self-esteem include-
 being harshly criticized
 beaten
 being ignored, ridiculed or teased
 being expected to be "perfect" all the
 experiencing failures in sports or school

 Perceived self-efficacy is defined as

people's beliefs about their
capabilities to (perform a task)
produce designated levels of
performance that exercise
influence over events that affect
their lives.
 Self-efficacy beliefs determine how
people feel, think, motivate themselves
and behave.
 Such beliefs produce these diverse
effects through four major processes.
They include cognitive, motivational,
affective and selection processes

A strong sense of efficacy

enhances human
accomplishment and
personal well-being in many
People with high assurance in
their capabilities approach
difficult tasks as
challenges to be mastered
rather than as threats to be
Such an efficacious outlook fosters
intrinsic interest and deep
engrossment in activities. They set
themselves challenging goals and
maintain strong commitment to
 Inmanaging personal change, self efficacy is
major determinant for success.
 People with higher SE can overcome
obstacles and challenges that are inevitable
part of any change effort.
 (SE help people who doubt their
capability shy away from difficulties &
challenges which they view as personal
threat )

 They quickly recover their sense of

efficacy after failures or setbacks.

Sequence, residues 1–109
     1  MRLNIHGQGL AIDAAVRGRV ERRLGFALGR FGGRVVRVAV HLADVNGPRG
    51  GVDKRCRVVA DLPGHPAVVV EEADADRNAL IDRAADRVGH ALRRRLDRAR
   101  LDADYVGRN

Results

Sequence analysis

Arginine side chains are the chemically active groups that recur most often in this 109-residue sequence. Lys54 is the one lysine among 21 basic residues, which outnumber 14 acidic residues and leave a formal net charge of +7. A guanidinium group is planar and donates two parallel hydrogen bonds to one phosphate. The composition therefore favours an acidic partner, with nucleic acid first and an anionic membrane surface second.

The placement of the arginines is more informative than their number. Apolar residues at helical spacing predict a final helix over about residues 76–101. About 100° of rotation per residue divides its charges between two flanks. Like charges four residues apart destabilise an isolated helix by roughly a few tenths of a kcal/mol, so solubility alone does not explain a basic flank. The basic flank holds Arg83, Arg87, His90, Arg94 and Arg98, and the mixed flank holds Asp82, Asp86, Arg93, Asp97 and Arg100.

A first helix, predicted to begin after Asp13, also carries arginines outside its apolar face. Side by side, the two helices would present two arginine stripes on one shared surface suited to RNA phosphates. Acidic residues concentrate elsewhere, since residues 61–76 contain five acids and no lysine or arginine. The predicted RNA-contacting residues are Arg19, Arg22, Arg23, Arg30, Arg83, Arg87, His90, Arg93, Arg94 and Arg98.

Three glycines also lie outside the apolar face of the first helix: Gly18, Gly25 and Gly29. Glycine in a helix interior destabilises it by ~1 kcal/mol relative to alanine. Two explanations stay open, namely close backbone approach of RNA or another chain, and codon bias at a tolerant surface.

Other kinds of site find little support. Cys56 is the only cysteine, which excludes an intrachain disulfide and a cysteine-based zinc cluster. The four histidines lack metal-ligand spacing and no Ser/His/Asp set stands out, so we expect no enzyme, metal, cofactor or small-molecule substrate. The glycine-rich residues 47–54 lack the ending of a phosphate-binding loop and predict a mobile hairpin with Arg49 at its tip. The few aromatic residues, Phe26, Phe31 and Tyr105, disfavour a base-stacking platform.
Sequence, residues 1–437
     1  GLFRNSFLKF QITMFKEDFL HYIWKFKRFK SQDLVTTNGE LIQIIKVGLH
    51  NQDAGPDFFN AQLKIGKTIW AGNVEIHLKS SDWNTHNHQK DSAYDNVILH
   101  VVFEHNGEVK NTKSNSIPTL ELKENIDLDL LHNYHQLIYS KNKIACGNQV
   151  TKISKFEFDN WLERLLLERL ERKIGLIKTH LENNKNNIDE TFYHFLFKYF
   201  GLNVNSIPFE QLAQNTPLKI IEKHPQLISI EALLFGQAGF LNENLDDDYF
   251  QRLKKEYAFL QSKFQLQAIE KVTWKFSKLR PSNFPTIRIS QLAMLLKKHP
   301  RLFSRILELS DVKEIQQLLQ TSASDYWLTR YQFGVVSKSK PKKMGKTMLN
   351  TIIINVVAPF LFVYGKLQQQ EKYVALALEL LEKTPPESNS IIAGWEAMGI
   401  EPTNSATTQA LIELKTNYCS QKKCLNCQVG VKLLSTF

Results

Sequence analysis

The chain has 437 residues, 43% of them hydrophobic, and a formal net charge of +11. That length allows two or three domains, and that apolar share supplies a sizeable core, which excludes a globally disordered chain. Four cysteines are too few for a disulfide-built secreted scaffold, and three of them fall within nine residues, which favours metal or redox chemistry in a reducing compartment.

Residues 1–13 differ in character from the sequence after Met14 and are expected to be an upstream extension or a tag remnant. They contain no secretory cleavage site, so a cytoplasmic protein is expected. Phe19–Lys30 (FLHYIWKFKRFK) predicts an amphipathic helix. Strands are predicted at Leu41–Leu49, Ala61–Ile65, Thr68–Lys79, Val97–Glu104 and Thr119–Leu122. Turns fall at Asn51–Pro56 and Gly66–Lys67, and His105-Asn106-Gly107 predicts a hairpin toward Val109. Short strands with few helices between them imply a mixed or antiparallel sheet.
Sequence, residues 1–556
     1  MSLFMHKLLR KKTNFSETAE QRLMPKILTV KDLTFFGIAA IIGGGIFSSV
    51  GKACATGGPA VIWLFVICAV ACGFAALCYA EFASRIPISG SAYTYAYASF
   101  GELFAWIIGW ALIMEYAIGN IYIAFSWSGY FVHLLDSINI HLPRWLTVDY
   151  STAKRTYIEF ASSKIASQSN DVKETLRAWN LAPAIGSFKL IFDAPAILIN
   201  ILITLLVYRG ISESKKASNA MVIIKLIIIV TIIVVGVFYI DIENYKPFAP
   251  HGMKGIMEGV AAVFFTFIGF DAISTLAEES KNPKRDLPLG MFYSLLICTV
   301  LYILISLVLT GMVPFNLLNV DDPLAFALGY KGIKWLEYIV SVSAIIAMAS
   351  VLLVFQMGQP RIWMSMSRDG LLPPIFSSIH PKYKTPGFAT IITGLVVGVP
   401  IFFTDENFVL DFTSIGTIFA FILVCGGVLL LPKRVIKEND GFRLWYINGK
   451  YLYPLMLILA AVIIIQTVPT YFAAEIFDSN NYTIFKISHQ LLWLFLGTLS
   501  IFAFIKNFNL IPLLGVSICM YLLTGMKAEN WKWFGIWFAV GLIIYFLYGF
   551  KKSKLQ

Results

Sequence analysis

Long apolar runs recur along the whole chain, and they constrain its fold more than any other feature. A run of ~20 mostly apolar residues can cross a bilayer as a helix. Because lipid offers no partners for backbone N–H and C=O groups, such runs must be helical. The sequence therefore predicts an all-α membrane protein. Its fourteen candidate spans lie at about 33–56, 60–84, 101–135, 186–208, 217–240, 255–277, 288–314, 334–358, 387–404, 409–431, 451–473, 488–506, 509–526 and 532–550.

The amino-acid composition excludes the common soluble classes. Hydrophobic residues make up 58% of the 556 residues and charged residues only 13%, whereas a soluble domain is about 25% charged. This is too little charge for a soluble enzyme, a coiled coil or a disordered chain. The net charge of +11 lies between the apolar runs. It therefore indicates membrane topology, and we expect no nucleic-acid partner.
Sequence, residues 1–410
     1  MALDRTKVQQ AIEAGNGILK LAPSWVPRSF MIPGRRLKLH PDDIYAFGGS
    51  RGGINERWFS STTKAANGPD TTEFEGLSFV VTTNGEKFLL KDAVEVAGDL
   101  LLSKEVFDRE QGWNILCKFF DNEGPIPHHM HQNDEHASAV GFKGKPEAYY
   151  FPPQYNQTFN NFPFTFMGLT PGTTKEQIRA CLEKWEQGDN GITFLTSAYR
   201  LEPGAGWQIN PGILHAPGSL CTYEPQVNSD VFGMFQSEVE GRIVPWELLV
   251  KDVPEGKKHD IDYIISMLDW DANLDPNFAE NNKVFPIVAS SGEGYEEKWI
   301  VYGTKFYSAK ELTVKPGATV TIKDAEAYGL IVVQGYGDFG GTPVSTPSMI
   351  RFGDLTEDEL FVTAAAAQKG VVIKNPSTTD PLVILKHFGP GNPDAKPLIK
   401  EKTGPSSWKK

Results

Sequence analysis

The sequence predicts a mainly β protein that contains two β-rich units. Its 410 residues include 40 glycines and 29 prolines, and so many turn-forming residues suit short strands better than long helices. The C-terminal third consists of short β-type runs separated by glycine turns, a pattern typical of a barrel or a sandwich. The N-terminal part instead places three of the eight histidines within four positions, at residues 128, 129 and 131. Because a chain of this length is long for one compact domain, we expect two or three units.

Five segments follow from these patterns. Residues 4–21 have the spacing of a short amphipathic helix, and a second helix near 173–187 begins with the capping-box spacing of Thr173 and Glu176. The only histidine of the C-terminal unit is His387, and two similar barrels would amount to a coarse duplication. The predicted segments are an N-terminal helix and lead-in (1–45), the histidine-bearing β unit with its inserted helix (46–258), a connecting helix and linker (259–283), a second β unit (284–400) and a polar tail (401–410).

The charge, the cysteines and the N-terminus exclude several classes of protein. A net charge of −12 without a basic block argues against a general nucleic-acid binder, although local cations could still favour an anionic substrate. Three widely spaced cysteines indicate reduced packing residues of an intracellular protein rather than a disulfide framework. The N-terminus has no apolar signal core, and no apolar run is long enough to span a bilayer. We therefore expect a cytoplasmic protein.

 They approach threatening situations
with assurance that they can exercise
control over them. Such an efficacious
outlook produces personal
accomplishments, reduces stress and
lowers vulnerability to depression.
Sources of Self-Efficacy
 People's beliefs about their efficacy can be
developed by four main sources of influence.
 The most effective way of creating a strong
sense of efficacy is through mastery
 Successes build a robust belief in one's
personal efficacy. Failures undermine it,
especially if failures occur before a sense of
efficacy is firmly established.
A resilient sense of efficacy requires
experience in overcoming obstacles through
perseverant effort.
 The second way of creating and
strengthening self-beliefs of efficacy is
through the vicarious-(sensational)
experiences provided by social models.
Seeing people similar to oneself
succeed by sustained effort raises
observers' beliefs that they too possess
the capabilities master comparable
activities to succeed

 Perceived self-efficacy is concerned with

people's beliefs in their capabilities to
exercise control over their own
functioning and over events that affect
their lives.

 Beliefs in personal efficacy affect life

choices, level of motivation, quality of
functioning, resilience (toughness) to
adversity and vulnerability to stress and
 People's beliefs in their efficacy are
developed by four main sources of

People must have a robust

sense of efficacy to sustain
the perseverant effort needed
to succeed.

 Succeeding periods of life present new

types of competency demands requiring
further development of personal efficacy
for successful functioning.
 The nature and scope of perceived self-
efficacy undergo changes throughout the
course of the lifespan.